Challenging conventional wisdom, new research finds that the number of sunspots provides an incomplete measure of changes in the sun's impact on Earth over the course of the 11-year solar cycle. The study, led by scientists at the National Center for Atmospheric Research (NCAR) and the University of Michigan, finds that Earth was bombarded last year with high levels of solar energy at a time when the sun was in an unusually quiet phase and sunspots had virtually disappeared.
"The sun continues to surprise us," says lead author Sarah Gibson of NCAR's High Altitude Observatory. "The solar wind can hit Earth like a fire hose even when there are virtually no sunspots."
The study, also written by scientists at NOAA and NASA, is being published today in the Journal of Geophysical Research. It was funded by NASA and by the National Science Foundation, NCAR's sponsor.
"It is vitally important to realize that the 'quiet' sun really isn't all that quiet," says Rich Behnke, program director in NSF's Division of Atmospheric Sciences. "These high-speed streams of wind can affect many of our communications and navigation systems. And they can come at any time, during any part of the solar cycle."
Scientists for centuries have used sunspots, which are areas of concentrated magnetic fields that appear as dark patches on the solar surface, to determine the approximately 11-year solar cycle. At solar maximum, the number of sunspots peaks. During this time, intense solar flares occur daily and geomagnetic storms frequently buffet Earth, knocking out satellites and disrupting communications networks.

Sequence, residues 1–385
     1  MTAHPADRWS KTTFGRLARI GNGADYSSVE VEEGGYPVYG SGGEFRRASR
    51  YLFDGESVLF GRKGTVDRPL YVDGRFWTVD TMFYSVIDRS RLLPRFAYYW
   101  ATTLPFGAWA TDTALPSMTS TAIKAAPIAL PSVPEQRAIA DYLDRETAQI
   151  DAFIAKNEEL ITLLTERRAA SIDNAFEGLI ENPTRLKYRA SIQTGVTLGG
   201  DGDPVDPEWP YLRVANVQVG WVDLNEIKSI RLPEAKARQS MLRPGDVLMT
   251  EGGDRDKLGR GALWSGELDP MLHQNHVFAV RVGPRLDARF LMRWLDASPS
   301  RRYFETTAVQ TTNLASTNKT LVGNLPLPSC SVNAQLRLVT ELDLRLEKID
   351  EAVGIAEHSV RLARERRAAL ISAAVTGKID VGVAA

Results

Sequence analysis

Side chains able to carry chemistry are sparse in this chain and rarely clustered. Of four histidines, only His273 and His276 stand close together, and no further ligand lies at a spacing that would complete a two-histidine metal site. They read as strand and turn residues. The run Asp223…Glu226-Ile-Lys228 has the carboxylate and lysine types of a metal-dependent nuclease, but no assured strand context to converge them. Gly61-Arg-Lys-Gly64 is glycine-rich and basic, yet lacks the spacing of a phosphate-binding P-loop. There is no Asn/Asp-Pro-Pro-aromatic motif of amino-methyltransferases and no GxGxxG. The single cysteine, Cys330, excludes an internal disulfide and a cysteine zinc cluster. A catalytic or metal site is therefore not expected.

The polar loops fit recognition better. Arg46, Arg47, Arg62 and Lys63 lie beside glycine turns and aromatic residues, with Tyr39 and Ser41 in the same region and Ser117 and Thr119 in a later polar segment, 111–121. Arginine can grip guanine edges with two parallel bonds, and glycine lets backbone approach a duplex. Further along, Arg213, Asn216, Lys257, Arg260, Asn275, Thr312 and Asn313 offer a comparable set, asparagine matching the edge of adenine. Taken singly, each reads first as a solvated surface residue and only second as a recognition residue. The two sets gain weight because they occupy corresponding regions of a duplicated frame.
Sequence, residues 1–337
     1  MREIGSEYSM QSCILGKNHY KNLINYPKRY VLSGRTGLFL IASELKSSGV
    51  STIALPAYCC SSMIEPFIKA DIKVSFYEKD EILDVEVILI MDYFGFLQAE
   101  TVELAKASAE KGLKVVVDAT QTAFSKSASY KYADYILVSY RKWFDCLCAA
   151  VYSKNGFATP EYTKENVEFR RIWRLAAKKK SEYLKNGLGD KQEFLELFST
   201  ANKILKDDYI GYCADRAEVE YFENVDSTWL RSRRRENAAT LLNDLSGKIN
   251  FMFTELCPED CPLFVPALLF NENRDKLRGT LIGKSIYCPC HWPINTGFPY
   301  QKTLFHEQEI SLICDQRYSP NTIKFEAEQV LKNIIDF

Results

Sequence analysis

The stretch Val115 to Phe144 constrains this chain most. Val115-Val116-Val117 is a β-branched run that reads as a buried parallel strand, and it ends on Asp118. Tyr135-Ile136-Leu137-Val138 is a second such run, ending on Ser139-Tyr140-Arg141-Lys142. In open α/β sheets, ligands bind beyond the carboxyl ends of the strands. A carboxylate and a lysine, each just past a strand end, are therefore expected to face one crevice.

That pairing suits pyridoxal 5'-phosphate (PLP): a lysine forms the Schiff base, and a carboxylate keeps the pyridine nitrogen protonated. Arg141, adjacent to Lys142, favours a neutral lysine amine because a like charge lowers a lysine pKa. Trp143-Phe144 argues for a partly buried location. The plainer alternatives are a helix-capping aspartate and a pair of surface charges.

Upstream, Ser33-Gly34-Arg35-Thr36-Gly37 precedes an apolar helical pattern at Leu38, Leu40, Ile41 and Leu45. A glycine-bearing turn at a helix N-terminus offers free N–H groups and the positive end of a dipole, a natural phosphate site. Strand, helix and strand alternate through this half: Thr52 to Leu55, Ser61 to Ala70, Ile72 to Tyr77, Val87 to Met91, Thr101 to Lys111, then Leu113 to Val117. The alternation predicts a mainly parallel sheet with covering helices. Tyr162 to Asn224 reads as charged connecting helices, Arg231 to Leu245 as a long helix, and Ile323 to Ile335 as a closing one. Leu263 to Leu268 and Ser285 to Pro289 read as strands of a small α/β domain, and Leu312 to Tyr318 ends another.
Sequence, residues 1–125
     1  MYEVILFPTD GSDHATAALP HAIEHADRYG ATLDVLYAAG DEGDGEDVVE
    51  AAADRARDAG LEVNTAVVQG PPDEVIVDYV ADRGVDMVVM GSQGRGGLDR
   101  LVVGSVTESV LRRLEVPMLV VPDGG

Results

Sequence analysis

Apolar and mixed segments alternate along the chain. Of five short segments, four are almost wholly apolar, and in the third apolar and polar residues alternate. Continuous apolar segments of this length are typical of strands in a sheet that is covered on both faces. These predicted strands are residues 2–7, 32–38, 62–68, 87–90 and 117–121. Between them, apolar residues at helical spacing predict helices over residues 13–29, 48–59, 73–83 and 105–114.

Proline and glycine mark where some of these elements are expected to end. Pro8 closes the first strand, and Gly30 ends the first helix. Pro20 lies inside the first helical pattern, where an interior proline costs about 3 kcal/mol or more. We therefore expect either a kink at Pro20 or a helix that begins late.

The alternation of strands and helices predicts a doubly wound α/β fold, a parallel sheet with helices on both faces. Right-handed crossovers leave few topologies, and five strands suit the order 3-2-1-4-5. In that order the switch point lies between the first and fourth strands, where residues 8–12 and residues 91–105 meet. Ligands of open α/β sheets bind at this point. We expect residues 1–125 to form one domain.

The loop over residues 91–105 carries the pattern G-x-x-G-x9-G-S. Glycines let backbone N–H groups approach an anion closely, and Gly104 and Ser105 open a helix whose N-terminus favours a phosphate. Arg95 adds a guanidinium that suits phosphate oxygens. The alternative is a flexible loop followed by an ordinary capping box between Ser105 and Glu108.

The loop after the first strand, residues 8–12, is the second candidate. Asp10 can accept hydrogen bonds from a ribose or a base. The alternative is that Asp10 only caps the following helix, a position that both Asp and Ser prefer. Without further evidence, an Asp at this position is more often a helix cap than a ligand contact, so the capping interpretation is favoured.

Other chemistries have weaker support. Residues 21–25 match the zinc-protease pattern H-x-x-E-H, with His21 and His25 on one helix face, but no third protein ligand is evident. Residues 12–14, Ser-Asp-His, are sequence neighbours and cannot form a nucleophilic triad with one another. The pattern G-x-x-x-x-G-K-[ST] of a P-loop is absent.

Gibson and her colleagues focused instead on another process by which the sun discharges energy. The team analyzed high-speed streams within the solar wind that carry turbulent magnetic fields out into the solar system.
When those streams blow by Earth, they intensify the energy of the planet's outer radiation belt. This can create serious hazards for Earth-orbiting satellites and affect global communications systems, while also threatening astronauts in the International Space Station. Auroral storms light up the night sky repeatedly at high latitudes as the streams move past, driving mega-ampere electrical currents a few hundred miles above Earth's surface. All that energy heats and expands the upper atmosphere. This expansion pushes denser air higher, slowing down satellites and causing them to drop to lower altitudes.
Scientists previously thought that the streams largely disappeared as the solar cycle reached minimum. But when the study team compared measurements within the current solar minimum interval, taken in 2008, with measurements of the last solar minimum in 1996, they found that the Earth in 2008 was continuing to resonate with the effects of the streams. Although the current solar minimum has fewer sunspots than any minimum in 75 years, the sun's effect on Earth's outer radiation belt, as measured by electron fluxes, was more than three times greater last year than in 1996.
Gibson said that observations this year show that the winds have finally slowed, almost two years after sunspots reached the levels of last cycle's minimum.
The authors note that more research is needed to understand the impacts of these high-speed streams on the planet. The study raises questions about how the streams might have affected Earth in the past when the sun went through extended periods of low sunspot activity, such as a period known as the Maunder minimum that lasted from about 1645 to 1715.
"The fact that Earth can continue to ring with solar energy has implications for satellites and sensitive technological systems," Gibson says. "This will keep scientists busy bringing all the pieces together."